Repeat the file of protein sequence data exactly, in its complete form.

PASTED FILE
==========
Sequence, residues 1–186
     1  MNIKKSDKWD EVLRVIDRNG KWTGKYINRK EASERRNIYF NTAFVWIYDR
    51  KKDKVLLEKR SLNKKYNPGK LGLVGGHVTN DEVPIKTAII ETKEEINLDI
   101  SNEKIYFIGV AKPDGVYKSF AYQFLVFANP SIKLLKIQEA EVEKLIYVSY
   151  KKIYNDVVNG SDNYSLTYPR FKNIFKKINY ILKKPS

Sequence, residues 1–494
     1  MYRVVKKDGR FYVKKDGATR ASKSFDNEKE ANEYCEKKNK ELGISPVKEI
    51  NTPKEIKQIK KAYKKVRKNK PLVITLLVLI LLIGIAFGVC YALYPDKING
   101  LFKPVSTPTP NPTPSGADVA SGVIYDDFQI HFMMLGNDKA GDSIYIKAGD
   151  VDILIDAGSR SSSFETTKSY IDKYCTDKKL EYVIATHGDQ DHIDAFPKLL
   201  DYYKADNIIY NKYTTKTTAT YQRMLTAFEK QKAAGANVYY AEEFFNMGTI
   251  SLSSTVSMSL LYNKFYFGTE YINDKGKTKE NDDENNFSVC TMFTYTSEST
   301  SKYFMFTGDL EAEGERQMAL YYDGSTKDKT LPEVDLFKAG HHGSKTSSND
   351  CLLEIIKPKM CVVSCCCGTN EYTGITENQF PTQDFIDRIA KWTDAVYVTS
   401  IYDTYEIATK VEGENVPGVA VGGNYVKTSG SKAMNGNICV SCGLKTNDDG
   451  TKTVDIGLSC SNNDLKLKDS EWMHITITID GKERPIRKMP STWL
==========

Sequence, residues 1–186
     1  MNIKKSDKWD EVLRVIDRNG KWTGKYINRK EASERRNIYF NTAFVWIYDR
    51  KKDKVLLEKR SLNKKYNPGK LGLVGGHVTN DEVPIKTAII ETKEEINLDI
   101  SNEKIYFIGV AKPDGVYKSF AYQFLVFANP SIKLLKIQEA EVEKLIYVSY
   151  KKIYNDVVNG SDNYSLTYPR FKNIFKKINY ILKKPS

Sequence, residues 1–494
     1  MYRVVKKDGR FYVKKDGATR ASKSFDNEKE ANEYCEKKNK ELGISPVKEI
    51  NTPKEIKQIK KAYKKVRKNK PLVITLLVLI LLIGIAFGVC YALYPDKING
   101  LFKPVSTPTP NPTPSGADVA SGVIYDDFQI HFMMLGNDKA GDSIYIKAGD
   151  VDILIDAGSR SSSFETTKSY IDKYCTDKKL EYVIATHGDQ DHIDAFPKLL
   201  DYYKADNIIY NKYTTKTTAT YQRMLTAFEK QKAAGANVYY AEEFFNMGTI
   251  SLSSTVSMSL LYNKFYFGTE YINDKGKTKE NDDENNFSVC TMFTYTSEST
   301  SKYFMFTGDL EAEGERQMAL YYDGSTKDKT LPEVDLFKAG HHGSKTSSND
   351  CLLEIIKPKM CVVSCCCGTN EYTGITENQF PTQDFIDRIA KWTDAVYVTS
   401  IYDTYEIATK VEGENVPGVA VGGNYVKTSG SKAMNGNICV SCGLKTNDDG
   451  TKTVDIGLSC SNNDLKLKDS EWMHITITID GKERPIRKMP STWL